It's going to be one hell of a bunfight.

Helen Ward

- Don't be afraid to tell the blog's editor Ed Dorrell what you think

Wilshaw suggests able pupils are being failed by secondaries - 28 January 2012

Yesterday Sir Michael Wilshaw, Ofsted's chief inspector, voiced his concerns about the country's most able students being "failed" by comprehensive schools.

In an interview with the Sunday Telegraph, Sir Michael pointed to the number of children that leave primary school achieving the highest levels in literacy and numeracy only to be "let down" by secondary schools that allow them to "coast".

Sir Michael said his office will publish a "landmark" report in the spring, looking into concerns that bright pupils are not being stretched by their schools. Among other things, it will, he said, look into the accusation that secondaries enter bright kids for GCSEs early as a way of "banking" early C grades, while they might get much higher results if given another year1s study.

Sir Michael also rolled out time-worn figures from the Sutton Trust that showed that more students from just four private schools and one prestigious sixth-form college than from 2,000 state schools end up at Oxbridge.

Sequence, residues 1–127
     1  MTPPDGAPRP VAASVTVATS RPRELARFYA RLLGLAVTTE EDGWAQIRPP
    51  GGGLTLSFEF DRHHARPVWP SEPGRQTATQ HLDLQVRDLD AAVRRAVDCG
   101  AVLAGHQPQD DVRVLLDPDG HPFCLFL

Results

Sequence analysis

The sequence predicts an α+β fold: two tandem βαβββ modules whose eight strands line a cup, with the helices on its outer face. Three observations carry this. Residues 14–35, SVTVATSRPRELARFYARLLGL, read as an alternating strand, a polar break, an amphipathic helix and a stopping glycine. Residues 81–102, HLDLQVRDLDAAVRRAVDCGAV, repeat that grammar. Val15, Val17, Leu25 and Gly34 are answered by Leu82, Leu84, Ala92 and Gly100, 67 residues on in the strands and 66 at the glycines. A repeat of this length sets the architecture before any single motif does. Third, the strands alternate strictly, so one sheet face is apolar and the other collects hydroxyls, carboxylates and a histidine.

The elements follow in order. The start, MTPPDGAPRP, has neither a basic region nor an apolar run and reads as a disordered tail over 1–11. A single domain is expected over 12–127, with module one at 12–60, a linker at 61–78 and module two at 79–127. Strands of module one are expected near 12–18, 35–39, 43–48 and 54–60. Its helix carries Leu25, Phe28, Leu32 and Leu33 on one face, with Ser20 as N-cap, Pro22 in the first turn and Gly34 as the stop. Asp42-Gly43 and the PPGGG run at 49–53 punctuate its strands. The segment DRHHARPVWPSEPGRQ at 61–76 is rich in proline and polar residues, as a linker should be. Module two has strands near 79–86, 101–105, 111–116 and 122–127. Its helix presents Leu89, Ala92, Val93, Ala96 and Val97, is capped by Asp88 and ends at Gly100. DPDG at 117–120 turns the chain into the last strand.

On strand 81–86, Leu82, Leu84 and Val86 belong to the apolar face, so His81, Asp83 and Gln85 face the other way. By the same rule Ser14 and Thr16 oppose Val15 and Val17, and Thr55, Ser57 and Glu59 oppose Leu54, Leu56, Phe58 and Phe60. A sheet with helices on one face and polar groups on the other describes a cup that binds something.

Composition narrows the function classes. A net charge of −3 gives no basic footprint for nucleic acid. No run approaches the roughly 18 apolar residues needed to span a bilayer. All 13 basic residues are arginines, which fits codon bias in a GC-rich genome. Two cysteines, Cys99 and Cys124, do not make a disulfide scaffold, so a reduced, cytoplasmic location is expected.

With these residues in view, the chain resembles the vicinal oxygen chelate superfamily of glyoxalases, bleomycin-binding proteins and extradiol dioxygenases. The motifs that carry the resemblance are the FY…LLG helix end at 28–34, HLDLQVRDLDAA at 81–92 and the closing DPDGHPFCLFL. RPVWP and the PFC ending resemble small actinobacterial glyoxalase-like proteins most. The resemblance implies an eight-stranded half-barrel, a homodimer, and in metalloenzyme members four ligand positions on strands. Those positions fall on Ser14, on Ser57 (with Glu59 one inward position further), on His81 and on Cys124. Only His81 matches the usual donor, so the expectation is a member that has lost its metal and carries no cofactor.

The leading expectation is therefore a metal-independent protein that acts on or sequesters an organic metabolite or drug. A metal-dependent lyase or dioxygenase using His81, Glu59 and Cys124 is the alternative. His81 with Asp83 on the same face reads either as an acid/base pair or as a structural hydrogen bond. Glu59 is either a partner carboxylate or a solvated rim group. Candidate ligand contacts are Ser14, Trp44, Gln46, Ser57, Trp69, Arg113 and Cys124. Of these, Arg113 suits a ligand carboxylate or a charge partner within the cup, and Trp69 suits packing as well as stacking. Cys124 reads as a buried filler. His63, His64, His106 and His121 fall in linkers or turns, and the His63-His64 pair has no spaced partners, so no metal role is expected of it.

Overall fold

Although it is not new, the statistic is nonetheless still striking - and it does make you wonder why Ofsted has not asked the question.

Some will certainly react to Sir Michael1s new focus by pointing to the coalition's removal of the ringfence around gifted and talented funding and the impact that has had on schools' ability in this area.

But it is worth remembering that Sir Michael has form in this area. There is a reason why places at Mossbourne Academy, the school he led until taking the top job at Ofsted, are eagerly sought after. Stretching pupils is his thing. Don't expect his intervention to be a flash in the pan.

Richard Vaughan

Will planning shake-up see free schools open in bookies? Don't bet on it - January 25 2013

Michael Gove and communities secretary Eric Pickles cheered today as they trumpeted changes to planning regulations making it easier for free schools to open in offices, hotels and warehouses.

According to ministers and champions of the free school movement, trouble securing sites is one of the biggest obstacles preventing the policy from taking really taking off. Mr Gove is understood to be exasperated by local council planning departments standing in the way of his free school revolution.

Today's announcement means a free school can open in almost any building for a year without needing any planning permission, circumventing the tricky town hall planning department.

The Department for Education cited Bedford Free School as an example of a free school being forced to battle the local council for eight months before it was able to open. However, the main stumbling block in that instance was around traffic congestion.

The new planning rules, contained in the Growth and Infrastructure Bill, will also see free schools given priority when it comes to appeals, and sets out that councils must give "priority to the need for new school developments when considering planning".

Unsurprisingly, town hall bosses are not over the moon with today's news with the Local Government Association stating that if Whitehall wants to see more school buildings, it should stump up the capital to build them.